Massachusetts Offshore Wind Case Echoes in Rhode Island; Regulator Could Suspend Mayflower Wind Cable Route Application
The case between the Massachusetts Department of Public Utilities (DPU) and the developers of the Commonwealth Wind and Mayflower Wind offshore wind projects has reached beyond the state lines as it raised questions in Rhode Island, where Mayflower Wind filed an application for part of the project’s cable route.
- Mayflower Wind’s statement on the project’s viability raised concern at Rhode Island PUC
- Rhode Island regulator could request a sworn testimony on Mayflower Wind viability
- Developer asked for extension of period to show cause why RI proceedings should continue
The Energy Facility Siting Board (EFSB) of the Rhode Island Public Utilities Commission (PUC) issued an order on 10 November, requesting Mayflower Wind, a joint venture between Shell and Ocean Winds, to show cause why the proceedings for its application should not be suspended.
According to the document, EFSB would otherwise suspend the proceedings until matters are settled in Massachusetts and Mayflower Wind has provided a sworn testimony on its project’s economic and financial viability under the agreements approved by the Massachusetts DPU.
As reported over the past several days, Commonwealth Wind (Avangrid) was the first to file a motion with the Massachusetts DPU, requesting a one-month suspension in the review and approval proceedings for the power purchase agreements (PPAs) the company signed with the state’s three electric distribution companies. Mayflower Wind joined the motion shortly after.
The developers, who say their projects would no longer be viable under the PPAs due to current global economic conditions, were denied the motion and were requested to notify the DPU whether they will resume with the PPAs currently undergoing review, or move to dismiss the proceedings.
Mayflower Wind was first to respond by withdrawing its motion and deciding to resume, followed by Commonwealth Wind. However, in their responses, both developers retained their standpoint that the projects’ viability was in question under conditions in the current PPAs and noted the offtake agreements need to be amended.
According to the Rhode Island EFSB’s order from 10 November, if the developer does not show cause to continue the application proceedings, they would be suspended until the Massachusetts DPU issues final orders on the applicable pending PPAs and amendments.
On top of that, Mayflower Wind would also need to testify to prove its offshore wind project is economically and financially viable under the pricing and conditions of its PPAs approved in Massachusetts.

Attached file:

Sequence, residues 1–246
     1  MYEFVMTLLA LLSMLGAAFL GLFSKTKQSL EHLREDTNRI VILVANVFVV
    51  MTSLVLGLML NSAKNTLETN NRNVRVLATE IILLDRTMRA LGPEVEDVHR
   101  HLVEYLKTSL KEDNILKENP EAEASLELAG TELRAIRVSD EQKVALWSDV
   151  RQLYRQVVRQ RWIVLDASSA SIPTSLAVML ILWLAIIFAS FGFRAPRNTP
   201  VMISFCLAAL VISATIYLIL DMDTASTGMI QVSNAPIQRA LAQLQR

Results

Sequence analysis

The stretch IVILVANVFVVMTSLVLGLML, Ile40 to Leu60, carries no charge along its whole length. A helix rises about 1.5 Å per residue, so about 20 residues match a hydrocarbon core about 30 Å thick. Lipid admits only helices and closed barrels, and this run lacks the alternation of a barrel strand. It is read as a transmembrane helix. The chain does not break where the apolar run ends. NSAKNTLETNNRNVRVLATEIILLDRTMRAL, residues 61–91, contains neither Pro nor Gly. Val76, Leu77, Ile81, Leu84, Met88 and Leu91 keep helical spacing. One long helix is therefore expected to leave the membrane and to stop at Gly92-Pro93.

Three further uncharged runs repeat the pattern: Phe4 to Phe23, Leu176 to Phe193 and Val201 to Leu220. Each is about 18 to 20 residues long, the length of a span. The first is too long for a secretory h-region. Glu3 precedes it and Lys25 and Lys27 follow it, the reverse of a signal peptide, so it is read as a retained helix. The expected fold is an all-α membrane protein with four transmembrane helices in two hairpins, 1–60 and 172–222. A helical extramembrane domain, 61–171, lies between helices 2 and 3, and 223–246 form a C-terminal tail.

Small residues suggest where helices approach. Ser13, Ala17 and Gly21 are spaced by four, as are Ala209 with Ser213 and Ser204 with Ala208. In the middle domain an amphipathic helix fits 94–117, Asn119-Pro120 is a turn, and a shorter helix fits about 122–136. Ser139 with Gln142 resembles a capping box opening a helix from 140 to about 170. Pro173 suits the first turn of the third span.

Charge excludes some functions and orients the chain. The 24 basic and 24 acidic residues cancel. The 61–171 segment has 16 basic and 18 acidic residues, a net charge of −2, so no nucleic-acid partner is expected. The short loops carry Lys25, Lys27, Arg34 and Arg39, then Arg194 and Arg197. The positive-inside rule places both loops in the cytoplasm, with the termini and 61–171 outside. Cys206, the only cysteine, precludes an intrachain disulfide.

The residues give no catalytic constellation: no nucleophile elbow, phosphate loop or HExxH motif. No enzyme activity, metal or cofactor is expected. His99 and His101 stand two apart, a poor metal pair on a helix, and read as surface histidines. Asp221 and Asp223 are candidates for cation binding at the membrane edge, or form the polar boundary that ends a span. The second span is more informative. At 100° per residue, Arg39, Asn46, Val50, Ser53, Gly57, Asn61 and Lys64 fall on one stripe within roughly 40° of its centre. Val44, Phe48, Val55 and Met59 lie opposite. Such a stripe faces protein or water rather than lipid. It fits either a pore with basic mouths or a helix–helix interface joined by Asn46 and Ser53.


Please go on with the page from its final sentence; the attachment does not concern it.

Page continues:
On 15 November, Mayflower Wind filed a notice with the Energy Facility Siting Board of waiver of the ten-day deadline for a hearing to show cause order and requested an extension of time to respond to the order, to a date to be determined after consultation between Mayflower Wind and counsel for the Board.
Mayflower Wind’s Application for Cable Route Through Rhode Island
Mayflower Wind filed its application with the Rhode Island EFSB in May 2022, requesting an approval to construct transmission facilities in the Rhode Island jurisdiction which are necessary to connect the Mayflower Wind offshore wind farm(s) to the regional transmission system at Brayton Point in Somerset, Massachusetts.
The facilities in Rhode Island would include, among others, two HVDC subsea export cables within a single export cable corridor that will run up the Sakonnet River, make intermediate landfall on the northeastern shore of Portsmouth, traverse Portsmouth underground, and transition back to offshore in Mount Hope Bay.
The application also comprises a possible variation that would facilitate the future delivery of additional capacity from the Mayflower Wind offshore wind project by “right-sizing” certain transmission facilities located in Rhode Island as part of the current construction to minimise future disturbance and environmental impact, according to the documents available at the Rhode Island PUC.
Shell and Ocean Winds are developing two projects in the Mayflower Wind lease area, for which federal permitting started in October last year.
The PPAs for the first, 804 MW Mayflower Wind project were approved by the DPU in November 2020 after the offshore wind farm was selected by the state in the offshore wind solicitation in 2019.
Earlier this year, the Mayflower Wind joint venture announced that it had merged the two Mayflower Wind projects into one development now known as the SouthCoast Project.